Criticism of your country

Hello or Ola if you’re from Brazil (seriously I seem to be getting a lot of site traffic from Brazil)

There’s been a bit of hoopla in the last few days in New Zealand because the author Eleanor Catton said a bunch of negative stuff about New Zealand in general and the government in particular, and some people think that you apparently don’t say negative stuff about your home country if you’re internationally successful.

Some of the criticism I get, other parts are just ridiculous, mind you some of what she said in the first place I think is true others less so.  All of who said what is here. For the record I agree with her about the politians, not so much about the tall poppy thing and can see her point about how we do try and own individual success collectively (yep all 4.4 million of us helped make Lord of the Rings).  The tall poppy thing I think is in New Zealand we have a particular mould that we want our successes to fit – the quiet, humble achiever who takes success in their stride and doesn’t make a big deal of themselves, basically if you’re successful in New Zealand we want to act like Sir Edmund Hilary. I’ve often thought that if Mohammed Ali came from New Zealand he’d be remembered as ‘that great boxer who nobody liked’ or ‘The great boxer who moved to another country’ because anyone who went around saying they were the greatest in New Zealand just wouldn’t get any support.

But this whole thing got me thinking about the whole idea criticising your country.  Clearly no country is perfect, no country has absolutely everything figured out and also people like different things – even just for a visit, I mean an online friend of mine loved Turin in Italy, I thought it felt like walking into someone else’s hangover (I really do need to post about my travels last year don’t I?)

Effectively your home country is an accident of birth, so in some ways being proud of your home country is a bit like being proud of your hair colour or the socio economic bracket of your parents – it has nothing to do with you or your accomplishments and if you don’t like it you can change it.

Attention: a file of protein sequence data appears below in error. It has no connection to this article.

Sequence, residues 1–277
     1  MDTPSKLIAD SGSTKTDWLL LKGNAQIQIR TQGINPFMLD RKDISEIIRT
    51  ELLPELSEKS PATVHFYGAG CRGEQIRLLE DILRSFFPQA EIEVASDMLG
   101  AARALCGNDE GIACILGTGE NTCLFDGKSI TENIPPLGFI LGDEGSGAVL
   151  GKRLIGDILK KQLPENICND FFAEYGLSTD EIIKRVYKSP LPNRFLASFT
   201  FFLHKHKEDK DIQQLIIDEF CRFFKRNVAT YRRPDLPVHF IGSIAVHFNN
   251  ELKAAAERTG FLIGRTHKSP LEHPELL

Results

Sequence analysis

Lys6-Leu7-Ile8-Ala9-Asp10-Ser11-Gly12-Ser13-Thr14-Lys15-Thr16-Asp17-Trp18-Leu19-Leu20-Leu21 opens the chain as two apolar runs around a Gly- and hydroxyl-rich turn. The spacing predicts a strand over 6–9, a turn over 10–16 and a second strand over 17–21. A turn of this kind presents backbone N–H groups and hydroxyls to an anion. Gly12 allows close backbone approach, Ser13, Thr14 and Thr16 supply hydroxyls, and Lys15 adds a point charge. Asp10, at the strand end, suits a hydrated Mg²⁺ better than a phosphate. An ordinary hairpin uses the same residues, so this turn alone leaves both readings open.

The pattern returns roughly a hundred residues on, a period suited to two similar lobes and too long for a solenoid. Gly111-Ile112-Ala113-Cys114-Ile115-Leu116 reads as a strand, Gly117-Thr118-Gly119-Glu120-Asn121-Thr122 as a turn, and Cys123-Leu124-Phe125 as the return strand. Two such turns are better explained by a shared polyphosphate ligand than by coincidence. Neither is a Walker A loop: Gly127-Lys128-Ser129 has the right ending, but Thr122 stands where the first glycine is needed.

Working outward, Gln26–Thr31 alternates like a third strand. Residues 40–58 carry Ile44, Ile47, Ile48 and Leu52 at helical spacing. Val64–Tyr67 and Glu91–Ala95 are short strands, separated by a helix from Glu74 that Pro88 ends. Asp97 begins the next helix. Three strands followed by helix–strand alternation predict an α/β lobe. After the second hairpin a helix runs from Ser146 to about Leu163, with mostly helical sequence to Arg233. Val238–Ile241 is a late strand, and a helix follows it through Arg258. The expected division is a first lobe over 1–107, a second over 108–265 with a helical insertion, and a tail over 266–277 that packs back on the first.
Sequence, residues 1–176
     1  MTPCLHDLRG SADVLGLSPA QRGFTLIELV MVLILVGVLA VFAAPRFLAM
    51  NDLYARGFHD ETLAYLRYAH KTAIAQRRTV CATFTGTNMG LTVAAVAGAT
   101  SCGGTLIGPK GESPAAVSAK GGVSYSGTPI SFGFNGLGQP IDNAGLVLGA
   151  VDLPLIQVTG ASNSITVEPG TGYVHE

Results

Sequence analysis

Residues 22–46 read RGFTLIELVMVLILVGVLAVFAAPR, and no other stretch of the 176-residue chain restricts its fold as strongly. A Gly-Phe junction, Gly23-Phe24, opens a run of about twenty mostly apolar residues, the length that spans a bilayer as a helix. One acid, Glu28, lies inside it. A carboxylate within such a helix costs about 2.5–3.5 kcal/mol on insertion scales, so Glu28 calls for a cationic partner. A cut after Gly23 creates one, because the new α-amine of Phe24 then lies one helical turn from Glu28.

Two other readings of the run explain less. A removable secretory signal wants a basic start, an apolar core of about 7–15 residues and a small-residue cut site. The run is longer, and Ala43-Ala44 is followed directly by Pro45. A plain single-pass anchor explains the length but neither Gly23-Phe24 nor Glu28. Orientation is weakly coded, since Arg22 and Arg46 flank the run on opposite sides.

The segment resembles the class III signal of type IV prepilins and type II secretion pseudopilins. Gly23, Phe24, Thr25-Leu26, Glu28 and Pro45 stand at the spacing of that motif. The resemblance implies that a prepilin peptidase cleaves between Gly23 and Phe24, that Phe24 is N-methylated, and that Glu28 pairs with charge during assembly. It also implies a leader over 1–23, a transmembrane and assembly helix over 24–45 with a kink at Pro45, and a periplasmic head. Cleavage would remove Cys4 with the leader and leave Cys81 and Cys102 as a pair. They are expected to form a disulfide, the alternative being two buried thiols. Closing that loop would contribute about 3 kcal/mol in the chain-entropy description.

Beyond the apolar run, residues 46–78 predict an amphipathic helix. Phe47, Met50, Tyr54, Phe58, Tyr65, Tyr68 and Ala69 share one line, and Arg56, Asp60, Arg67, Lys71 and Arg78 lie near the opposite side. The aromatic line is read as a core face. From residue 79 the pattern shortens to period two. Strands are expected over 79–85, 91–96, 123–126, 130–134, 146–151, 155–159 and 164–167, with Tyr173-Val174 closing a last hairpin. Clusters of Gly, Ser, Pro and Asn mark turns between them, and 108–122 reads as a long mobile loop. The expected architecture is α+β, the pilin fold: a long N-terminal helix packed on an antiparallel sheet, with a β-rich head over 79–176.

I can’t really speak about how other countries feel about criticism but  I think the real issue with people criticising New Zealand is that we’re very aware that we are a tiny little island at the bottom of the world with less people than Sydney.  It happens any time something negative happens to tourists in New Zealand, we start wringing our hands and saying ‘what will people think of us’. So a back packer has their car with all their stuff stolen we freak out and think ‘oh no! They’ll go away thinking New Zealand is awful’ and people give them money and free accommodation and back packs and all sorts and while admittedly this is partly because kiwi’s are generous, it’s also partly so they’ll go away saying how wonderful we all are.

But this situation isn’t a foreigner who had bad experience it’s a kiwi making a comment about the people who are running the country at the moment, people who aren’t very supportive of the arts, people who do like to cosy up to big business and even if it was just her opinion (which of course many will argue it is) well so what? Since when was criticising the government anything other than a right, New Zealand is a democracy after all.  I think if she’d been talking to a New Zealand audience her comments would barely made a blip, but as it was to an international everyone loses perspective.  She was talking about her experience as a man-booker prize winning author from New Zealand, something that exactly one other person (who has agreed with some comments and disagreed with others)

Some criticism I’ve heard of New Zealand (it’s expensive, it’s hard to get around, people are outwardly friendly and welcoming but a little hard to get to know) I think are valid, some of the criticism (mostly that we’re parochial and behind the rest of the world) I think are unfair.  Sure everyone hates it when people move to a country and do nothing but complain, I know when I lived in London I was very careful only to complain about the rubbish banking system (which was the only thing that I really didn’t like about living there.)

Perhaps she could have been a bit more diplomatic, mixed some of the good in with bad, I don’t know.  I’ll get back to you when I’ve won a major literary prize. I would be interested in how other countries  view their high profile citizens criticising the country – does your country go nuts in this situation or just shrug and say ‘ah well, they’re entitled to their opinion’?